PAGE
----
As part of sensitivity analyses, we excluded women who filled only one prescription during the first two months of pregnancy, as these may represent prescriptions filled prior to knowledge of the pregnancy and not used once the woman became aware she was pregnant. As a woman’s subsequent pregnancies are unlikely to be independent, in terms of determinants of medicine use, we also ran models including only the first pregnancy for each woman to explore effects on outcomes. Finally, we ran models excluding any dispensations of prescription vitamins and minerals. All analyses were performed using Stata version 12.1 (College Station, TX) and SAS version 9.3 (SAS Institute, Cary, NC).

This study was approved by the University of British Columbia’s Behavioural Research Ethics Board (H10-01002; April 19, 2010).


We identified 225,973 women who had 322,219 pregnancies between 1 January 2002 and 31 December 2011 in British Columbia. Table 1 provides maternal characteristics of the study cohort. Almost two thirds of women (64%) had only one pregnancy during the study period. Mean age at delivery was 30.9 (range 11–56 years) overall, increasing from 30.7 in 2002 to 31.2 in 2011. Prescriptions were dispensed to women during 206,680 of the pregnancies (64%) in our study. With prescriptions for vitamins and minerals excluded, this number fell to 200,636 pregnancies (62%).

As illustrated in Fig 1, the proportion of pregnancies involving at least one prescription drug dispensation increased from 60% in 2002 to 66% in 2011 (p<0.001). Excluding vitamins and minerals, the change was 60% to 64% (p<0.001).Prevalence of prescription drug use increased among all age groups.

Fig 1. Overall patterns of prescription drug dispensations during pregnancy.

The mean and median number of dispensations among women who had at least one dispensation during pregnancy were 4.5 and 3, increasing from 3.9 and 2 in 2002 to 5.3 and 3 in 2011, respectively. Excluding vitamins and minerals, the overall mean and medians were 4.3 and 2, increasing from 3.9 and 2 in 2002 to 5.1 and 3 in 2011. However, because methadone and suboxone are daily dispensations, they greatly influence the average figures. Excluding these two drugs reduced the mean number of dispensations to 3.6 in 2002 and 4.7 in 2011.

Increases in the average number of dispensations were observed in every age group. The mean number of dispensations was similar for first and subsequent pregnancies. Older women were dispensed more drugs—those 40 years and older had an average of 5.0 dispensations per pregnancy, while those 25 years and younger had an average of 4.2 dispensations.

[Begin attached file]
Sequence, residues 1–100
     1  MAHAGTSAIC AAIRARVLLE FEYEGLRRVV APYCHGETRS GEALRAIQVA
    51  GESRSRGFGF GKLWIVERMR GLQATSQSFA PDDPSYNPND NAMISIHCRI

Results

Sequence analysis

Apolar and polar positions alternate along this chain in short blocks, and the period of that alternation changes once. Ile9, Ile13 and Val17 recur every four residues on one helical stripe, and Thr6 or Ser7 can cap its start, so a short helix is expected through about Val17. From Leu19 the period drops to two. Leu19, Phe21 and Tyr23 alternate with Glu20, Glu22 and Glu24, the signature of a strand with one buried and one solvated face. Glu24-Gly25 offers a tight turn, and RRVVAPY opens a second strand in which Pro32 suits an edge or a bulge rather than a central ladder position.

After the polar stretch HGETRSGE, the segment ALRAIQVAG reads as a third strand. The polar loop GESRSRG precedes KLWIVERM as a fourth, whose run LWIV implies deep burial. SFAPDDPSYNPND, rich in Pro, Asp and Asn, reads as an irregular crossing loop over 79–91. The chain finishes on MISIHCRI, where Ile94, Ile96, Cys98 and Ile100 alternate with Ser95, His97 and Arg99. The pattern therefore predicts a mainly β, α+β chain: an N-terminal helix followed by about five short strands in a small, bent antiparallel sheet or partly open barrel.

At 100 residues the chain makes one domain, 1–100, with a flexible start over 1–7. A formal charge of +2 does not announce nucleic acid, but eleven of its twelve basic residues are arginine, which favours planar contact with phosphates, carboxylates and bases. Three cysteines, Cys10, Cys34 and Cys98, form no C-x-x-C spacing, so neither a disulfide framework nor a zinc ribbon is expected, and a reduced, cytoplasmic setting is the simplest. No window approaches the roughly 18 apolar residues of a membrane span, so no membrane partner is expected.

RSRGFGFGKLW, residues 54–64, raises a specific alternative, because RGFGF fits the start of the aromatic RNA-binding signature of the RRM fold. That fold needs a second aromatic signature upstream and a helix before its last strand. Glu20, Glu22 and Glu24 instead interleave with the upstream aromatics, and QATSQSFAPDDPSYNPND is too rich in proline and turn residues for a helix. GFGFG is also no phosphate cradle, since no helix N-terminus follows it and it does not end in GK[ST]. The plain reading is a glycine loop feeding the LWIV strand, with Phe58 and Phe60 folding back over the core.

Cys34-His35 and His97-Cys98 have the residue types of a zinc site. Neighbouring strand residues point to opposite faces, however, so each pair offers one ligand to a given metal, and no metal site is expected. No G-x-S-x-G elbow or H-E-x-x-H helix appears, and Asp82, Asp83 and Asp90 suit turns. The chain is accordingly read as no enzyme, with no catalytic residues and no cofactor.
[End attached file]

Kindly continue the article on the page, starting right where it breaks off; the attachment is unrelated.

As Fig 2 illustrates, the distribution of dispensations across the pregnancy period changed over the study period: compared to 2002, a smaller proportion of women received a prescription drug during only one trimester in 2011 (44% vs 51%) and a higher proportion of women received drugs during all three trimesters (27% vs 20%). Exclusion of vitamins and minerals generated similar proportions and changes over time.

Fig 2. Trimesters during which prescriptions were dispensed to women during pregnancies involving at least one prescription dispensation (number of pregnancies).

The proportion of pregnancies for which four or more different prescription drug types were dispensed during one of the three trimesters increased from 8.4% in 2002 to 11.7% in 2011 (see Fig 1). Excluding vitamins and minerals, the change was 7.9% to 10.3%. As shown in Fig 3, increases in the proportion of women who were dispensed four or more different drugs were observed for all pregnancy-related periods. Results excluding vitamins and minerals were similar.

Fig 3. Pregnancies involving dispensation for four or more different drug types, by time period and year (excluding vitamins and minerals).

Table 2 details all and top five most commonly dispensed drugs during the three months pre-pregnancy, in each trimester of pregnancy, and in each three-month period for the first year postpartum. Overall, the most commonly prescribed medication was doxylamine-pyridoxine HCL (brand-name Doxylamine-pyridoxine in Canada, an antiemetic; a similar formulation was called Bendectin in the US) among all age groups, closely followed by amoxicillin (an antibiotic). Fig 4 illustrates the percentage of pregnancies exposed to select drug classes by three-month period prior to, during, and after pregnancy.

Fig 4. Patterns of prescription drug dispensations for most common drug classes by pregnancy-related period.

Table 2. Number and type of prescription drugs dispensed by trimester and pre- and post-pregnancy period: number of pregnancies with at least one prescription (percent of all pregnancies).

Over the study period, the proportion of pregnancies in which women were dispensed prescriptions for antibiotics, opioids, antidepressants, and anxiolytics did not change to any great extent (data not shown). Correlating with a Health Canada safety letter sent to physicians in 2005,[25] the rate of paroxetine prescribing fell between 2005 and 2007. As Fig 5 illustrates, the use of doxylamine-pyridoxine and PregVit iron supplements during pregnancy increased significantly over the study period (p<0.001 for both). Despite doxylamine-pyridoxine being responsible for a large share of all prescriptions to pregnant women, a temporal increase in the use of prescription drugs during pregnancy was observed even after excluding doxylamine-pyridoxine.